India emphasised the import of wheat, soybean and oilseeds, and also expressed interest in procuring copper and gold from Serbia
Economic cooperation between India and Serbia is based on many bilateral agreements, such as those governing cooperation on agriculture, science, mutual investment promotions, avoidance of double taxation etc. Do you consider that these agreements have found application in practice and yielded tangible results?
– I am happy that very constructive ideas have emerged from Joint Working Groups on Agriculture, S&T and IT& Electronics. During the first meeting of the India-Serbia Joint Committee on Agriculture (Nov 2016), the Indian side expressed interest in the import of pulses, soybean and oilseeds.
Serbia emphasised the export of fresh, frozen and processed fruits and vegetables to India, and the import of agriculture machinery, such as trucks, tractors and combined harvesters. India reiterated interest in exporting tropical fruits, such as mango, pineapple, banana, papaya etc. India was offered ‘Partner Country’ status at a future Agriculture Fair in Serbia.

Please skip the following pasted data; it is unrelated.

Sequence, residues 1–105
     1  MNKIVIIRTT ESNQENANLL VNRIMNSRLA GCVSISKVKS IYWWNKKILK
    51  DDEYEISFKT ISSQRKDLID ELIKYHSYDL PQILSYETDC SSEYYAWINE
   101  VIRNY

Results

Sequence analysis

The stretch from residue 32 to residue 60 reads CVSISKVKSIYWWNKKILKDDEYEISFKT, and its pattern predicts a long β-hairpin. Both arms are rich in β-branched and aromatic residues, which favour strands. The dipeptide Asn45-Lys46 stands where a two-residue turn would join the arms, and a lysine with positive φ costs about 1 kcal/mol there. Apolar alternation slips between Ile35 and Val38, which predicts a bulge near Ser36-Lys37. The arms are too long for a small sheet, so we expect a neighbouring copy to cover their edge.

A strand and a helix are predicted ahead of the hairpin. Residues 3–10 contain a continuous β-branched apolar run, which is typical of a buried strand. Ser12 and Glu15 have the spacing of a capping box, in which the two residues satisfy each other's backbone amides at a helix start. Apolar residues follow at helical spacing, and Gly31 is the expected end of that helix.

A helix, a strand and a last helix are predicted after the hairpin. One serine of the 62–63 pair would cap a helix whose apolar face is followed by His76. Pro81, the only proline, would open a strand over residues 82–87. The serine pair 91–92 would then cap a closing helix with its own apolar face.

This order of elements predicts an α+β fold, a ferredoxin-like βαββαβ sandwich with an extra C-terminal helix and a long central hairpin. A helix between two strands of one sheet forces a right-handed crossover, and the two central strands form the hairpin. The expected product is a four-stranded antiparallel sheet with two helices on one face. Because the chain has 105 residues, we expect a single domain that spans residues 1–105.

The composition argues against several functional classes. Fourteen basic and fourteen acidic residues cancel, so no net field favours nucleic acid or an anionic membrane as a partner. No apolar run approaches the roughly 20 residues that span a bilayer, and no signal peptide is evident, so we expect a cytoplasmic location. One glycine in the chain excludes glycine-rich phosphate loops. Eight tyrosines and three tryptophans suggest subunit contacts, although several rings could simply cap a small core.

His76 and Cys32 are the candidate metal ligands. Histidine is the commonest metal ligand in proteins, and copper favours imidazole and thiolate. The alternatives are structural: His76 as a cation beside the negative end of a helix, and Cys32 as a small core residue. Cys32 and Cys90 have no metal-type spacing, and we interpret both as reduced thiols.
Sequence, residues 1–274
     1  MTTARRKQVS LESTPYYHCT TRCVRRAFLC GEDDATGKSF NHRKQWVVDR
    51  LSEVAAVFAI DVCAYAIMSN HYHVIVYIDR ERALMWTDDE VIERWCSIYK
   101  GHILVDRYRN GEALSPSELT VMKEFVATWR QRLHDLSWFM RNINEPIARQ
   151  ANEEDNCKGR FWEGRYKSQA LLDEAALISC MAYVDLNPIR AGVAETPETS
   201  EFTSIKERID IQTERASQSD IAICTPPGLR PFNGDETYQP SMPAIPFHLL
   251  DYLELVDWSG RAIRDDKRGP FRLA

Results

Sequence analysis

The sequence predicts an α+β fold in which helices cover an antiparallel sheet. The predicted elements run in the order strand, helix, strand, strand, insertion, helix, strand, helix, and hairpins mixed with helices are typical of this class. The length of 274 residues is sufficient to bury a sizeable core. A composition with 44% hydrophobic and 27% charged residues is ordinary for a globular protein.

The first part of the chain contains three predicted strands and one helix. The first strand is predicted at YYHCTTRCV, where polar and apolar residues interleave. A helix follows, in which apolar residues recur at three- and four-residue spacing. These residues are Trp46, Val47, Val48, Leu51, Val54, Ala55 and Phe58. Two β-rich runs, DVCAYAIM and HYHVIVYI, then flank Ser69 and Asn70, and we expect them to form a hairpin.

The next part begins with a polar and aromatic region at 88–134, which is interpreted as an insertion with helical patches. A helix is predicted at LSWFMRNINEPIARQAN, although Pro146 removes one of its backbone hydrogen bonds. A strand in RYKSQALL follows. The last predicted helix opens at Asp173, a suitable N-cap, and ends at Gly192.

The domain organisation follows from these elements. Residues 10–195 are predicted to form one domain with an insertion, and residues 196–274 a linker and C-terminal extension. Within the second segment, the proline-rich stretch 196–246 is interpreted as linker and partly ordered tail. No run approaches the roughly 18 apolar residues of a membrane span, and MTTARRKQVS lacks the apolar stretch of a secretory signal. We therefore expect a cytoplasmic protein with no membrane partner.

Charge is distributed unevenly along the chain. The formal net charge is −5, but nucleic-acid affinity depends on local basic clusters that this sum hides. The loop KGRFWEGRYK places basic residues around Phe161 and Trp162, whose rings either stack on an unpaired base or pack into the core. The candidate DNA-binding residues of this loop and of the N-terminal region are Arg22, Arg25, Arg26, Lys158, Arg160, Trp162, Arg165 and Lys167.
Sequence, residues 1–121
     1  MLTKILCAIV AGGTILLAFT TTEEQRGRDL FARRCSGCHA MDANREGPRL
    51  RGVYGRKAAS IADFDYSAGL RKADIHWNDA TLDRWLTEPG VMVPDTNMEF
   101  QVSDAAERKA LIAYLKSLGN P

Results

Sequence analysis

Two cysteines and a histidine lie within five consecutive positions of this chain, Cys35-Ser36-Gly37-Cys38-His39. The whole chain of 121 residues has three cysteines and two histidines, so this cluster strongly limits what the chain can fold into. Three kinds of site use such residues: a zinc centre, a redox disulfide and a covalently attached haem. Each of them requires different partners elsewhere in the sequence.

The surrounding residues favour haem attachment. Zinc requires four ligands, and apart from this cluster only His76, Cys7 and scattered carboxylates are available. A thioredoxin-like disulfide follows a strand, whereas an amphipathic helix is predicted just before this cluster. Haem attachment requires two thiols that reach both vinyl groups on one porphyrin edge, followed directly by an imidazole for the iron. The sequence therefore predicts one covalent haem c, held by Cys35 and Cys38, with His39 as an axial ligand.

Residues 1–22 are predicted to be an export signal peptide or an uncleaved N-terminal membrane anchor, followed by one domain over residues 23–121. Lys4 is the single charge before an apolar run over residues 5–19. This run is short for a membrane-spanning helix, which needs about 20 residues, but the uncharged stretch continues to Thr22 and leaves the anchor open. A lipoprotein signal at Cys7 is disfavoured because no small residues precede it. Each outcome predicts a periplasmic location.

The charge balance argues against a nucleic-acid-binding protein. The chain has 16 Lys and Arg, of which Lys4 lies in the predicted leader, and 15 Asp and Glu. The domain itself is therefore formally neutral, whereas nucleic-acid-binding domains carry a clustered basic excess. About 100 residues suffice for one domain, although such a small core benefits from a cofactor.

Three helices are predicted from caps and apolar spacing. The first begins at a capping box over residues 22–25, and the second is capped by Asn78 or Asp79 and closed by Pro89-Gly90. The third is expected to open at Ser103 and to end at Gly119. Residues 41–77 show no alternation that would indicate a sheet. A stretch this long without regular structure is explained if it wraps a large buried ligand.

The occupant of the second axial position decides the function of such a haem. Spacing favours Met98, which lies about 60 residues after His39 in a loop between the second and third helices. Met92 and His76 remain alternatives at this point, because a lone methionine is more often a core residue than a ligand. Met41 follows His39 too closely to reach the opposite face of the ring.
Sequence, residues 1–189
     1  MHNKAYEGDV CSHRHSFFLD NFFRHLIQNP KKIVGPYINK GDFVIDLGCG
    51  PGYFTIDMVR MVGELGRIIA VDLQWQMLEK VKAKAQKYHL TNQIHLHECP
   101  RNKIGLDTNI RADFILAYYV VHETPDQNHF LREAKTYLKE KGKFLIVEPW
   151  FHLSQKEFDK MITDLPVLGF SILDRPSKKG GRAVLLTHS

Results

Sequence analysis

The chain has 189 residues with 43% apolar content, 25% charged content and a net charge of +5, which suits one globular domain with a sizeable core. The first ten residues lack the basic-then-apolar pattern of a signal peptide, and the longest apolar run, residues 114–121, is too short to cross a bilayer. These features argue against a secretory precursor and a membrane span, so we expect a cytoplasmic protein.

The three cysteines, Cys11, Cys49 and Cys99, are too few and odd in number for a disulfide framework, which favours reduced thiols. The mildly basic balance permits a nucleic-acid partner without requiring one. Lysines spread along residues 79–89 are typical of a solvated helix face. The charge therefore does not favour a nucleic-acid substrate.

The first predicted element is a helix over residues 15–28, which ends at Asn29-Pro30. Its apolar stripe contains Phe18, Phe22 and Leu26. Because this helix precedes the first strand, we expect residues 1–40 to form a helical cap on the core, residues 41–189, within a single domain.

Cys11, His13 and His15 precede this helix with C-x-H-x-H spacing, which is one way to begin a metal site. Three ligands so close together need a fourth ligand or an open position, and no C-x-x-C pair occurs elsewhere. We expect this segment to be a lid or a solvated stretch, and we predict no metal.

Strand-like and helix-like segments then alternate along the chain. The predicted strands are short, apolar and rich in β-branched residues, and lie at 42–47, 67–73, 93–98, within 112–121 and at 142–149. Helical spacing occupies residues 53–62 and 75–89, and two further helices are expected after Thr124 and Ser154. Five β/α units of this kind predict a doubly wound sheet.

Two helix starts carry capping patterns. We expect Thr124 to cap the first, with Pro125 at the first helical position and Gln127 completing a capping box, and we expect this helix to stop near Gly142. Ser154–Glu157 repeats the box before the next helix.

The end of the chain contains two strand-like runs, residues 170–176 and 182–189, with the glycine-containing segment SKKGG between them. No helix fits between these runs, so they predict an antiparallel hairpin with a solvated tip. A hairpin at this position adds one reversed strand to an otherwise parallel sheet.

Discussions held under India-Serbia Agreement on Scientific and Technological Cooperation (Dec 2016) have identified five sectors for cooperation: (i) New materials and Nanotechnology; (ii) Energy and Energy efficiency; (iii) Information and Communication Technologies; (iv) Health and; (v) Biotechnology for food security.
Concrete projects under the MoU on IT & Electronics will boost digitisation efforts both in India and Serbia and will add teeth to Prime Minister Brnabić’s plans.
The India-Serbia Business Forum (ISBF) has identified duty differential for Indian imports and complex registration procedures for Indian pharmaceutical products as some of the hurdles. We are trying to enhance business opportunities. A systematic outreach of Indian businesses to the various sectors in Serbia is another priority for expanding economic ties. All these initiatives would provide significant new impetus to our vibrant economic cooperation.
What, for example, is the India-Serbia Economic Committee currently dealing with?
– During the 3rd meeting of the India-Serbia JEC, the two sides discussed the prospects of enhancing bilateral economic & trade relations. Both sides examined and discussed the status of bilateral economic cooperation, including trade and investment, agriculture & food processing, energy, mining, scientific and technical cooperation, Information Technology & Electronics, civil aviation, health, pharmaceuticals, tourism, filmmaking, youth affairs & sports and cooperation between private sectors.